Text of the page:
Our text from the Scriptures today, Psalm 1, focuses particularly on the moral and spiritual points of decisions we face in life, the fork in the road that allows us to go the dark way of sin or the righteous way of God. We face those decision points often.

Someone hands you a juicy piece of gossip; do you pass it on or not? At the party Friday night, you're presented with the possibility of getting drunk or high; do you go there, or not? Here comes Sally whom you've never gotten along with; do you treat her like she doesn't exist, or do you change your attitudes and behaviors toward her? This big test will mean the difference between getting a scholarship or not, and the smartest kid in class is sitting right next to you and he's not doing a very good job at covering his answers; do you peek or not? Our country's economic boom finally trickles down to you; what do you do with that raise in pay--feed the greed monster in you, or take this opportunity to radically adjust your stewardship patterns? Your next door neighbor says to you, "Life is a pain, and then you die." Do you nod in agreement or do you take that opportunity to witness to the true meaning for life Jesus gives?

Points of decision. We face them all the time. Psalm 1 lays out the importance of making right decisions--decisions that grow out of meditating on God's instruction night and day. This isn't just an intellectual game ("Did I get the right answer?"). Psalm 1 charts out the consequences of our decisions. Those who go the way of sin choose a life that amounts to nothing in the end, a life that is as insubstantial as chaff blown about by the wind. Their decisions may look as if they yield a good time at the moment, to get high, to cheat, to do what feels good; but God lets us in on their final end: those who take the path of the wicked will not stand in the judgment. They will perish forever.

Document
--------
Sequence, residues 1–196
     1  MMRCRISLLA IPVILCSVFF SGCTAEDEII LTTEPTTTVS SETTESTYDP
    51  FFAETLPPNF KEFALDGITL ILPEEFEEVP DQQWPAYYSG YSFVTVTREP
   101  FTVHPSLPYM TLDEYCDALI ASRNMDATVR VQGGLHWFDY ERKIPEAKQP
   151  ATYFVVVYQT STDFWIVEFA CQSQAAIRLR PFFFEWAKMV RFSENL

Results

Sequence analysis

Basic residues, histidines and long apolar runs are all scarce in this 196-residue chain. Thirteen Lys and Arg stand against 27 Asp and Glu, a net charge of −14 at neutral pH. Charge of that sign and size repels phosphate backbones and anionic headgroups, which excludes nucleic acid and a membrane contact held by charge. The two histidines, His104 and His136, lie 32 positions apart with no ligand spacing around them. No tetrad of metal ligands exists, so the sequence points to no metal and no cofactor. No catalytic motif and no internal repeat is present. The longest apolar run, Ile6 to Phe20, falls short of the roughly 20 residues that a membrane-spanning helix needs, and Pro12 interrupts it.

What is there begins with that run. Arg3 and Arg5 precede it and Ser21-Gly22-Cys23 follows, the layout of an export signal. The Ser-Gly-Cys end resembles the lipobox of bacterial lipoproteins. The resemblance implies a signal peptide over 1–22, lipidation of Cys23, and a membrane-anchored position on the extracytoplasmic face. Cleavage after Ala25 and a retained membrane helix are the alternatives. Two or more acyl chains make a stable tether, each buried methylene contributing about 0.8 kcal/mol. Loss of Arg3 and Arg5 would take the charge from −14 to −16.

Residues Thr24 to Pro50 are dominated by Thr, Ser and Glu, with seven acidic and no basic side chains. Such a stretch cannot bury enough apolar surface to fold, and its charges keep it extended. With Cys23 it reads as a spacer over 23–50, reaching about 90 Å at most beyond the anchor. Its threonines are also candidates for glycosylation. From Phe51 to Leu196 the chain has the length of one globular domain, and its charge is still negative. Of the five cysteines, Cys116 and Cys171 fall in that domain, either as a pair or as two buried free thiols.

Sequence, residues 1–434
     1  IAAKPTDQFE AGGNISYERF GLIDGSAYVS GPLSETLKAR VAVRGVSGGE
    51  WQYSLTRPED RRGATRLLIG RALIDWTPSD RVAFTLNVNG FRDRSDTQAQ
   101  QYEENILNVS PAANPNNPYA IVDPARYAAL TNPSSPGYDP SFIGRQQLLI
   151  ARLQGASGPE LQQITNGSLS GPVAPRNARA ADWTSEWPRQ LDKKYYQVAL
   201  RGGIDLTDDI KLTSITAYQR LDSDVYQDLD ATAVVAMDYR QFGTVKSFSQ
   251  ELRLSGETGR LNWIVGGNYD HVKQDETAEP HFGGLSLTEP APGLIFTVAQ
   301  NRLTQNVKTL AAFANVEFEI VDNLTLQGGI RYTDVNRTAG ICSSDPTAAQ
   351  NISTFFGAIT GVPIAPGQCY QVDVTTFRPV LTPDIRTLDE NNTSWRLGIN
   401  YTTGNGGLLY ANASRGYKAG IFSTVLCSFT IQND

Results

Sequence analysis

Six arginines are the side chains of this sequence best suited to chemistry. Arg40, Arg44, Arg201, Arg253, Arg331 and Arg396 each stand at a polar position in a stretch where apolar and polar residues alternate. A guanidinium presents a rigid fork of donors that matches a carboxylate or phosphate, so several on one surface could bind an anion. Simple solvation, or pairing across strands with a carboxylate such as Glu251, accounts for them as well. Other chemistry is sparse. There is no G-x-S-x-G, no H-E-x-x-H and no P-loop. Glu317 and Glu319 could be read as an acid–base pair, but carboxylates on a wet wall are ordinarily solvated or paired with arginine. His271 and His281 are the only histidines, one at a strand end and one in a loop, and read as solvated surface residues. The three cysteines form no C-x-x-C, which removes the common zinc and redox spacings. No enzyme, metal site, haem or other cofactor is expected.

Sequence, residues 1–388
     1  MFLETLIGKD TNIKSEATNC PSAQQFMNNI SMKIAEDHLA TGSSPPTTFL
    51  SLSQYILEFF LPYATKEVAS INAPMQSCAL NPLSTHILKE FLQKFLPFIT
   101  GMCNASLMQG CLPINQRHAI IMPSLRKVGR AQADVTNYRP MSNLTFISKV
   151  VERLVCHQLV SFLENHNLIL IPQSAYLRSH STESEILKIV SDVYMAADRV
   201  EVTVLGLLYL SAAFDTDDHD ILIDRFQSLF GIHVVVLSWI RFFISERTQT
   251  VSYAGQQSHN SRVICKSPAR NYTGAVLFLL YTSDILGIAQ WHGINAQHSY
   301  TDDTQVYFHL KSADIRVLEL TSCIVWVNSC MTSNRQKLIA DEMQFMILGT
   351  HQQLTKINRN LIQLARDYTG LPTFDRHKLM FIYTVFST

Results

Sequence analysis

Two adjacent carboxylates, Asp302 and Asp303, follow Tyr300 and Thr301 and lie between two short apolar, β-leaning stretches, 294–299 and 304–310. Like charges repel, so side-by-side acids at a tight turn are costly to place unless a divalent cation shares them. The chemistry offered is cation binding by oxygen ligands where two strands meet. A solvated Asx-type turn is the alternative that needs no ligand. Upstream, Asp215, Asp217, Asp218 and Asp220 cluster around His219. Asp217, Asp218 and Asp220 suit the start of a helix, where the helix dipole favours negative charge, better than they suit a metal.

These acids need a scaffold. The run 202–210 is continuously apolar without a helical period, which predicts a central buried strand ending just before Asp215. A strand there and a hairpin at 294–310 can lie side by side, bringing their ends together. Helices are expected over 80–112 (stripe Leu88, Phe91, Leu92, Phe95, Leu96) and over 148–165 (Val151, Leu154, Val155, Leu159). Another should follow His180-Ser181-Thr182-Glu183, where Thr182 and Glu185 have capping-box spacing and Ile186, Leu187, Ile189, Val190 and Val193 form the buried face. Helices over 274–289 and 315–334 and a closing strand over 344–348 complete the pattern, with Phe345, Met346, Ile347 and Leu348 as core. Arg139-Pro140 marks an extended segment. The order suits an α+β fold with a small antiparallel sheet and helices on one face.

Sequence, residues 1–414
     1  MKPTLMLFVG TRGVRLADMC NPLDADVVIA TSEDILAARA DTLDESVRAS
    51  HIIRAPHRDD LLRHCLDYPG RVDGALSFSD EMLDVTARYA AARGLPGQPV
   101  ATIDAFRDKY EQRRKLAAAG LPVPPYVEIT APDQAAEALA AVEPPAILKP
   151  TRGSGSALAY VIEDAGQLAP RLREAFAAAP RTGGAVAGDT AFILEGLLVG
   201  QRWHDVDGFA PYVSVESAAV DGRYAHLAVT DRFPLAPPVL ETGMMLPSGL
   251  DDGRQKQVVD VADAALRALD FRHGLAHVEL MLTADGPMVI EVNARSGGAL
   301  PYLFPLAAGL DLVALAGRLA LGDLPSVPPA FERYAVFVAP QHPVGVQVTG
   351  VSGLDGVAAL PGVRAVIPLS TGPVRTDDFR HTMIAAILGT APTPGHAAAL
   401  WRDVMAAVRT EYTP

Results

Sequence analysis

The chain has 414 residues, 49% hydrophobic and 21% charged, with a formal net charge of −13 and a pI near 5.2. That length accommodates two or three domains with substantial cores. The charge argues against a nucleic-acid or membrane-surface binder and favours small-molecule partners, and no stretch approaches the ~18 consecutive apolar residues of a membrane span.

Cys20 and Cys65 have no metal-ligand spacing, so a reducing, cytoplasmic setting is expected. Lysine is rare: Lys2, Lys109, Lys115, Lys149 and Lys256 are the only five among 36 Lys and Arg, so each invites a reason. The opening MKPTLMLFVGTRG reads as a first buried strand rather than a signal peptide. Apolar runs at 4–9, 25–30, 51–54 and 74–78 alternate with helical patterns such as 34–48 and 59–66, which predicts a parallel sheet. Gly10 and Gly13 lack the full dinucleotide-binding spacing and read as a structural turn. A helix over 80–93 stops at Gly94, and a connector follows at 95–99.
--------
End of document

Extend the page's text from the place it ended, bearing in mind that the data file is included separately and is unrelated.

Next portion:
By contrast, reveals Psalm 1, those who do not walk in the counsel of the wicked or stand in the way of sinners or abide with those who mock at notions of right and wrong, they will be blessed in life, prospering eternally, like a tree planted next to a stream of endlessly running water. It will be well-fed, producing good fruit, and its leaves will not wither. Over such a person God's protective watchfulness will rest evermore.